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How social ties affect peer-group effects: a case of university students

  • Oleg Poldin

    (National Research University Higher School of Economics (HSE), 25/12 Bolshaja Pecherskaja Ulitsa, Nizhny Novgorod 603155, Russia)

  • Dilyara Valeeva

    (Center for Institutional Studies, HSE.)

  • Maria Yudkevich

    ()

    (Center for Institutional Studies, HSE, Russia, 101000 Moscow, Myasnitskaya street, 20.)

Among the key issues of peer effects estimation is the correct identification of relevant peers. In this study, we explore how the individual performance of university students is influenced by characteristics and achievements of peers from individual’s social network. The analysis uses data from two directed networks: a network of friends and a network of study partners for thirdyear students at a top-tier Russian university. Data on network ties in randomly formed student groups enables us to address the endogeneity problem and disentangle the influence of peers’ performance from the effect that a peer’s background has on students. We show that both the GPA of peers and their ability measures are significant in the estimated regression model. A onepoint increase in the average GPA of peers is associated with an increase in an individual student’s own GPA of approximately one fourth. The regression on the data from the network of study partners has slightly greater explanatory power than the analys is based on data from the network of friends. No effect from a student’s classmates is found in the model that assumes group interactions occur between group mates

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Paper provided by National Research University Higher School of Economics in its series HSE Working papers with number WP BRP 15/SOC/2013.

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Length: 22 pages
Date of creation: 2013
Date of revision:
Publication status: Published in WP BRP Series: Sociology / SOC, February 2013, pages 1-22
Handle: RePEc:hig:wpaper:15/soc/2013
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  1. Giacomo De Giorgi & Michele Pellizzari & Silvia Redaelli, 2010. "Identification of Social Interactions through Partially Overlapping Peer Groups," American Economic Journal: Applied Economics, American Economic Association, vol. 2(2), pages 241-75, April.
  2. Peter Arcidiacono & Gigi Foster & Natalie Goodpaster & Josh Kinsler, 2012. "Estimating spillovers using panel data, with an application to the classroom," Quantitative Economics, Econometric Society, vol. 3(3), pages 421-470, November.
  3. Bramoullé, Yann & Djebbari, Habiba & Fortin, Bernard, 2007. "Identification of Peer Effects through Social Networks," IZA Discussion Papers 2652, Institute for the Study of Labor (IZA).
  4. David J. Zimmerman, 2003. "Peer Effects in Academic Outcomes: Evidence from a Natural Experiment," The Review of Economics and Statistics, MIT Press, vol. 85(1), pages 9-23, February.
  5. Mayer, Adalbert & Puller, Steven L., 2008. "The old boy (and girl) network: Social network formation on university campuses," Journal of Public Economics, Elsevier, vol. 92(1-2), pages 329-347, February.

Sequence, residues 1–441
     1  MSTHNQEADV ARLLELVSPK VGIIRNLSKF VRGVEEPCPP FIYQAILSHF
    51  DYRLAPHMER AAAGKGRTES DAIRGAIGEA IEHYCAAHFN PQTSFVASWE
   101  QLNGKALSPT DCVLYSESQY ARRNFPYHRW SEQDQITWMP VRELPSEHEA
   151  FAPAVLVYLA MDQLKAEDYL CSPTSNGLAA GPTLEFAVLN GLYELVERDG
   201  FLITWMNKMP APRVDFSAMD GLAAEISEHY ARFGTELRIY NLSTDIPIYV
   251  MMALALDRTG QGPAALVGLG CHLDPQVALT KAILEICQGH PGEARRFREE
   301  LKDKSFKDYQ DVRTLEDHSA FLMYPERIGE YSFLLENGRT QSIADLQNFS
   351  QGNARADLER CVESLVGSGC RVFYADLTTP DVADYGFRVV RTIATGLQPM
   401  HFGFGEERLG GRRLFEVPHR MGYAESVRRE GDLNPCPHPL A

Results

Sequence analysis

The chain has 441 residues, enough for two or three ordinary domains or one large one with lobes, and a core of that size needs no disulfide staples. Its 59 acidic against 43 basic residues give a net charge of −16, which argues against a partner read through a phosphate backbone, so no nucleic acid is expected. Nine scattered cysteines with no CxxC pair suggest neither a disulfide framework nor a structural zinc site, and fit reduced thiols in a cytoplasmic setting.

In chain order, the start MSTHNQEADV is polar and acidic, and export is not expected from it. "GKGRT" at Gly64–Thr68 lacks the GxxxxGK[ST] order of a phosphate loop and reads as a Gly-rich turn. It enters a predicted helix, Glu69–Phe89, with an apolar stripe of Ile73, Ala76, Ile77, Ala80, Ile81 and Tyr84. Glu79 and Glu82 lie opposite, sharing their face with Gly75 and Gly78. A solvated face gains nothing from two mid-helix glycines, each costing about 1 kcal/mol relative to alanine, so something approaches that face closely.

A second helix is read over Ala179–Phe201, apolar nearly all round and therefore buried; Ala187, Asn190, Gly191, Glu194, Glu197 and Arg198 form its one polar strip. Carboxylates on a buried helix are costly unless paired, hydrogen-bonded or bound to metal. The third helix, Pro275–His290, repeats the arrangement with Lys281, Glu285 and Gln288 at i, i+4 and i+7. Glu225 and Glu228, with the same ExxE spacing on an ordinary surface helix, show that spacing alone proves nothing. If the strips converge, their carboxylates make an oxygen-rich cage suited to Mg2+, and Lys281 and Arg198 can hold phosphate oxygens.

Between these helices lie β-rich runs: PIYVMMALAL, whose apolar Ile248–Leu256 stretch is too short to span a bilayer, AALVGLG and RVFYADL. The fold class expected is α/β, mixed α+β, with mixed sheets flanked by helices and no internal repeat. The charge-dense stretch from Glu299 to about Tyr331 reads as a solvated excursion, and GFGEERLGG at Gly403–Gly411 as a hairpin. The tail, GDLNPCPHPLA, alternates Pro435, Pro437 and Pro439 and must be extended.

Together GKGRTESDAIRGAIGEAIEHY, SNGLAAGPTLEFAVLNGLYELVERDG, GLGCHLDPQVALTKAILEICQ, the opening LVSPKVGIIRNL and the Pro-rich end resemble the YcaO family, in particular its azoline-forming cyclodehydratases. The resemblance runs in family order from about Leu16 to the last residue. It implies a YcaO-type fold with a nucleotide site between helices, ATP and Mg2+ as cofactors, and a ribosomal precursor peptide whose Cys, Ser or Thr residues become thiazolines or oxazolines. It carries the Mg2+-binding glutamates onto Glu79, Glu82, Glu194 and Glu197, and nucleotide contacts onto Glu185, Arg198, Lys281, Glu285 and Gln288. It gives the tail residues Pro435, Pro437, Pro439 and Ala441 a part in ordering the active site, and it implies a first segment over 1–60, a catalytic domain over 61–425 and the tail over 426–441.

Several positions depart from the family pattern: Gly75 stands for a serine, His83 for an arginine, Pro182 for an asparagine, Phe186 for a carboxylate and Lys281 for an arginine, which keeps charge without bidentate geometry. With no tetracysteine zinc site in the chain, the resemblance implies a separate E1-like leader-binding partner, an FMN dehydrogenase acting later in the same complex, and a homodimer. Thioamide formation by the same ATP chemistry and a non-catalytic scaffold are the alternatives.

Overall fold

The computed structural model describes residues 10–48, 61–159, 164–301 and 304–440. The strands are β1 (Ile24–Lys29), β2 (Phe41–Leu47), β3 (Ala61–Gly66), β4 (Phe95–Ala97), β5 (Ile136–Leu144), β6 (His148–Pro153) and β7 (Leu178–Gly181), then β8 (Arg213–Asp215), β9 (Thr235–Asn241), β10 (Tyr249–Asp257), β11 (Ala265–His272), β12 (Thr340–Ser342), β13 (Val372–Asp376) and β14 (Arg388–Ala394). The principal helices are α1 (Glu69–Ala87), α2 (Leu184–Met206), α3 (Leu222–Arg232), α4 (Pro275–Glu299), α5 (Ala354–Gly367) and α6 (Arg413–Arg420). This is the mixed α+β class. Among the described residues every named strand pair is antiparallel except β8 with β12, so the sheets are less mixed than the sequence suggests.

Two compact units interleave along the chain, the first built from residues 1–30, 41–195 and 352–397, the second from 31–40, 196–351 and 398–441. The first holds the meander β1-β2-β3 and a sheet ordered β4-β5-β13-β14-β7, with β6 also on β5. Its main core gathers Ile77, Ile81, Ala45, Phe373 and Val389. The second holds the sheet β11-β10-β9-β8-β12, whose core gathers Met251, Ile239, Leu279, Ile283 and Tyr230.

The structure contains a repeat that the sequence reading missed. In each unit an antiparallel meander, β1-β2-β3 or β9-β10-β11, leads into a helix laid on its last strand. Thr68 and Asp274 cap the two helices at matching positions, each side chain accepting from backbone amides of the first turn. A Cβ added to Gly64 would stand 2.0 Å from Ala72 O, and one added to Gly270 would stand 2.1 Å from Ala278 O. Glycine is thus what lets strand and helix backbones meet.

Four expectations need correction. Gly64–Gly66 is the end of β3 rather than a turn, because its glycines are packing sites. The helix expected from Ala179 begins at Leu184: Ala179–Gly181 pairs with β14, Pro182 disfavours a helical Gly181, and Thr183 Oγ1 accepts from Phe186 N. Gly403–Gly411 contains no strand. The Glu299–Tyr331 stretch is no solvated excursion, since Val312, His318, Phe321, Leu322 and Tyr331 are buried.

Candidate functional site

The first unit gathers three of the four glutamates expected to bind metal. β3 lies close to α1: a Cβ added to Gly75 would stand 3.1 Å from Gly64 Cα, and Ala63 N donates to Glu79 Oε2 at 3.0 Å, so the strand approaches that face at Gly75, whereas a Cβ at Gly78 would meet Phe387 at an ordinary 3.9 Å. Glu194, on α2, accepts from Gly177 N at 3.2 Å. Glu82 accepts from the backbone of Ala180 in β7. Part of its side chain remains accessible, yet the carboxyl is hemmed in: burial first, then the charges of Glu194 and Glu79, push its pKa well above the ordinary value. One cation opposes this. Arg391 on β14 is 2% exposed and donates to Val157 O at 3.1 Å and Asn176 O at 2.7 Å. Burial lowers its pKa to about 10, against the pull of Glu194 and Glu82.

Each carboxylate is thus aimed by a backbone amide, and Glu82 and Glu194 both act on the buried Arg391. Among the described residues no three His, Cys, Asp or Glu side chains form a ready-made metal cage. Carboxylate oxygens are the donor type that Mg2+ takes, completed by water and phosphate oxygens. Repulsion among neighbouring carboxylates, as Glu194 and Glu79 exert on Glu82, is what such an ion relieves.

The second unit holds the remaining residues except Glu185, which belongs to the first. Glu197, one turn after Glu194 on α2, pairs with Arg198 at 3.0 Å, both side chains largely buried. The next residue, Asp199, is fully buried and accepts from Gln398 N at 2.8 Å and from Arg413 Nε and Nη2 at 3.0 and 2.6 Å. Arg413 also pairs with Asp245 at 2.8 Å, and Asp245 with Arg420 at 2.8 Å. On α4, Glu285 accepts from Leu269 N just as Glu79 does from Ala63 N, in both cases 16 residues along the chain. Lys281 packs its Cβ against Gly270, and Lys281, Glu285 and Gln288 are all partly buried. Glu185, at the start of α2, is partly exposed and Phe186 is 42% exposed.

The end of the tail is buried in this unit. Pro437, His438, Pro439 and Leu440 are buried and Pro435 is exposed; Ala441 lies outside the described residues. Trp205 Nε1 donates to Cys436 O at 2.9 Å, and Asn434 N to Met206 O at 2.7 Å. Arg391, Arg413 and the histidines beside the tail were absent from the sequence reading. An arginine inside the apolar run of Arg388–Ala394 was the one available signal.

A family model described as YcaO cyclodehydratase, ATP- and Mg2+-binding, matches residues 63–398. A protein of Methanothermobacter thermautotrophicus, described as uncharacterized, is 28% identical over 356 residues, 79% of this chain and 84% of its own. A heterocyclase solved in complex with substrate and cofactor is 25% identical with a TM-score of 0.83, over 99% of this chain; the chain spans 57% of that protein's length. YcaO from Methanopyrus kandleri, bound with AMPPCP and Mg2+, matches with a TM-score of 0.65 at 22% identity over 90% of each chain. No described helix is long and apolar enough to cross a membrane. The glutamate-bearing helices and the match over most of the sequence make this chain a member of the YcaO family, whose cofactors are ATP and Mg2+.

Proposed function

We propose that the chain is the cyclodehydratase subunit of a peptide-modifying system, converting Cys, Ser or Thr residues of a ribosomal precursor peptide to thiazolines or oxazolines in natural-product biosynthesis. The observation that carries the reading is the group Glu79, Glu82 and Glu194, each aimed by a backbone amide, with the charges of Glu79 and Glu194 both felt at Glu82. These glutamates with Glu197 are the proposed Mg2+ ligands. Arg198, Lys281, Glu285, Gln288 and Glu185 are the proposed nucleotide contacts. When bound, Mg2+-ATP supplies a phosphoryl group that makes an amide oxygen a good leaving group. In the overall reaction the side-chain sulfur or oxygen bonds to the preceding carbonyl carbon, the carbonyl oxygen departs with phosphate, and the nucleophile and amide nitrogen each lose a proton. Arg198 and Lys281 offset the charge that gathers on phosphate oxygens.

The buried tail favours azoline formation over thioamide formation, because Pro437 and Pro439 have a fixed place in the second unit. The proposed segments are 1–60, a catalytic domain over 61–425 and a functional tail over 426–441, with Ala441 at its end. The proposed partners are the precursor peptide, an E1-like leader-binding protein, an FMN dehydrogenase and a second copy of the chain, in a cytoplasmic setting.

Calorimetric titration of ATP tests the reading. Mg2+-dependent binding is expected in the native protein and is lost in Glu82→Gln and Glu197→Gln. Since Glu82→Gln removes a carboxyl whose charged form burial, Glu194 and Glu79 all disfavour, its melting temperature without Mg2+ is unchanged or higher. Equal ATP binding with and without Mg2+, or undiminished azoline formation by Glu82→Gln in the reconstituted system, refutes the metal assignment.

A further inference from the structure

6. Victor Lavy & Edith Sand, 2012. "The Friends Factor: How Students' Social Networks Affect Their Academic Achievement and Well-Being?," NBER Working Papers 18430, National Bureau of Economic Research, Inc.
  7. Scott E. Carrell & Richard L. Fullerton & James E. West, 2009. "Does Your Cohort Matter? Measuring Peer Effects in College Achievement," Journal of Labor Economics, University of Chicago Press, vol. 27(3), pages 439-464, 07.
  8. Giorgio Brunello & Maria De Paola & Vincenzo Scoppa, 2009. "Peer Effects in Higher Education: Does the Field of Study Matter?," "Marco Fanno" Working Papers 0092, Dipartimento di Scienze Economiche "Marco Fanno".
  9. Antoni Calvo-Armengol & Eleonora Patacchini & Yves Zenou, 2008. "Peer Effects and Social Networks in Education," CReAM Discussion Paper Series 0814, Centre for Research and Analysis of Migration (CReAM), Department of Economics, University College London.
  10. Androushchak, Gregory & Poldin, Oleg & Yudkevich, Maria, 2012. "Peer effects in exogenously formed student groups," Applied Econometrics, Publishing House "SINERGIA PRESS", vol. 26(2), pages 3-16.
  11. Xu Lin, 2010. "Identifying Peer Effects in Student Academic Achievement by Spatial Autoregressive Models with Group Unobservables," Journal of Labor Economics, University of Chicago Press, vol. 28(4), pages 825-860, October.
  12. David S. Lyle, 2009. "The Effects of Peer Group Heterogeneity on the Production of Human Capital at West Point," American Economic Journal: Applied Economics, American Economic Association, vol. 1(4), pages 69-84, October.
  13. Gregory Androushchak & Oleg Poldin & Maria Yudkevich, 2012. "Peer Effects in Exogenously Formed University Student Groups," HSE Working papers WP BRP 03/EDU/2012, National Research University Higher School of Economics.
  14. Bruce Sacerdote, 2000. "Peer Effects with Random Assignment: Results for Dartmouth Roommates," NBER Working Papers 7469, National Bureau of Economic Research, Inc.
  15. David S. Lyle, 2007. "Estimating and Interpreting Peer and Role Model Effects from Randomly Assigned Social Groups at West Point," The Review of Economics and Statistics, MIT Press, vol. 89(2), pages 289-299, May.
  16. J. Barkley Rosser, 2009. "Introduction," Chapters, in: Handbook of Research on Complexity, chapter 1 Edward Elgar.
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